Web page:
Parent-led weaning is feeding your child through a progression from pureed food, to then mashed and lumpy food, and finally to soft but ‘whole’ foods. This approach fits in with the stages of development an infant goes through as he or she loses their choking reflex, refines their pincer grip and starts to understand hunger signals.
- Lower perceived risk of choking
- Larger range of foods you can start your baby on when first trying solids – it is often easier to puree foods than to try and adapt whole solid foods
- Yummy combinations to try
- Easy for on the go (use food pouches for example)
- Parents can monitor exactly how much their infant is eating
- Infant is more likely to consume the food pureed in the early stages – so you can have peace of mind that they are getting the added nutrients they need on top of milk
- You are less likely to get into a bad habit of feeding your infant ‘whatever you are eating’ – such as biscuits or seasoned dinner food, which are not great first foods for baby.
- You need to monitor your child’s hunger and full cues. When a parent is feeding a child it is easy to keep spooning the mixture into their mouths without taking into account how full they may be getting. Without realising it you are overriding their fullness cues and setting them up for over-eating in later life.
- You have to sit and spoon feed your child which makes it harder to have family meals or when out in restaurants or at friends’ houses
- Pureeing and storing different food combinations can become a second part time job
- You need to be careful to proactively progress your child onto lumpy foods by at least 9 months. Research shows children who are delayed in starting textured foods have a higher risk of dental problems, language and speech delays, and fussy eating behaviours as toddlers.
Baby-led weaning should only start once a child is 6 months of age and has strong head and neck control and can sit upright unaided. This technique is allowing your child to self-feed small, softened portions of everyday foods.
- As milk should still be the primary source of nutrients for a child under 1 year of age allowing a child to feed themselves at their own pace will aid in self-regulation of hunger and fullness
- Allows you to cook one meal and have everyone sitting down to eat it together
- Gives you more freedom and flexibility when going out for dinner
- Your infant will start with real food from day 1. They will understand texture, taste and what the whole food really look like
- Easier if you have more than one child
- Promotes better dental health, speech and language development and acceptance of a varied diet as a toddler
Some infants may struggle with more textured foods in the beginning and reject all the food presented to them – this can be frustrating and costly
There are some great foods which are quite hard to give to infants who can only use their hands as utensils
It can be hard to keep track of what your child is eating (vs what is ending up on the floor or in the dog’s mouth)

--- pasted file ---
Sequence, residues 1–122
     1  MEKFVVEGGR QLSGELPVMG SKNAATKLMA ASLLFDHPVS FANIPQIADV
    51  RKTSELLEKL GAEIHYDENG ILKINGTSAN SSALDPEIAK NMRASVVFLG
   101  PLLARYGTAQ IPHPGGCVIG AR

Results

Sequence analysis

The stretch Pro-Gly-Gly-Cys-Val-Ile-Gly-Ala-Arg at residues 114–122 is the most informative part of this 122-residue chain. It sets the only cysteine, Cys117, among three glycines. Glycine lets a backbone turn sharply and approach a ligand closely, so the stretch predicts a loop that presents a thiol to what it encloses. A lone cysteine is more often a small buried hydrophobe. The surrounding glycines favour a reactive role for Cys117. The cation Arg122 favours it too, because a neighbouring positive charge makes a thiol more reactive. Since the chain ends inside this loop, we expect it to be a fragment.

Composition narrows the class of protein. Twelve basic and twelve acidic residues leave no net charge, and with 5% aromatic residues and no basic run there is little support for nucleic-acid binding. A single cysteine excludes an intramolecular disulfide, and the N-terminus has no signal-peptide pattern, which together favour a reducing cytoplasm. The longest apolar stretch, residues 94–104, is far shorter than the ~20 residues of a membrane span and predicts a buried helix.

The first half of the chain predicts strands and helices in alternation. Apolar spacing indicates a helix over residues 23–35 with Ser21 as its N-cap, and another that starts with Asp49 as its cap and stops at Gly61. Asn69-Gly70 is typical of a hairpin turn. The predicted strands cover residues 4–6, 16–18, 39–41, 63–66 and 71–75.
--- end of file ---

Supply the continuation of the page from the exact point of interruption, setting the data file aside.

Can be anxiety producing for some parents who are worried about choking.
It is important to learn the difference between gagging and choking. Gagging is normal for infants. This is a healthy automatic response to food hitting their throat. It will lessen over time, but is helpful when they are young to prevent anything too big getting lodged. Choking is silent. This is why you should ALWAYS watch your child when they are eating. Choking is when the wind passage is blocked, it is very scary and your baby will probably not make a sound and rather be trying to draw breath. Gagging or coughing, on the other hand, is a positive way for your child to spit out food they cannot swallow easily.
When it comes down to it both these options are legitimate ways for your child to start out. As long as you understand the strengths and weaknesses of both methods.
Reading your child’s fullness cues is important:
- Turning away from the spoon
- Pushing the spoon away
- Closing their lips tightly
- Swiping all the food of their highchair tray
- Mushing all the food up in their fingers but not putting anything to their mouth
- Dropping food on the floor without trying to eat it
Bottom line is to not get swayed by what other people are doing or your favourite blogger is advocating. Do what works for you and what you feel comfortable with. Personally I loved starting out with purees and sharing in my child’s enthusiasm of the new flavours. She had moved to feeding herself portions of the meals we cooked by the time she was 7 months old. It did make life quite a bit easier and it really was not as scary as I had thought it would be. If we were to have any more children I may want to start with whole solid foods from the beginning. However, Sofia really did not enjoy the texture of lumpier foods so it may not have been a nice experience for her regardless. Each parent to their own – and each child to their own. Your infant will be nourished by its milk feeds primarily either way.
How can we help?
We have our Starting Solids ebook to help you navigate best first foods for baby.
Over at Nurture Box we have the beautiful Starting Solids kit which comes with our starting solids ebook download.
What starting solids questions do you have? Ask below.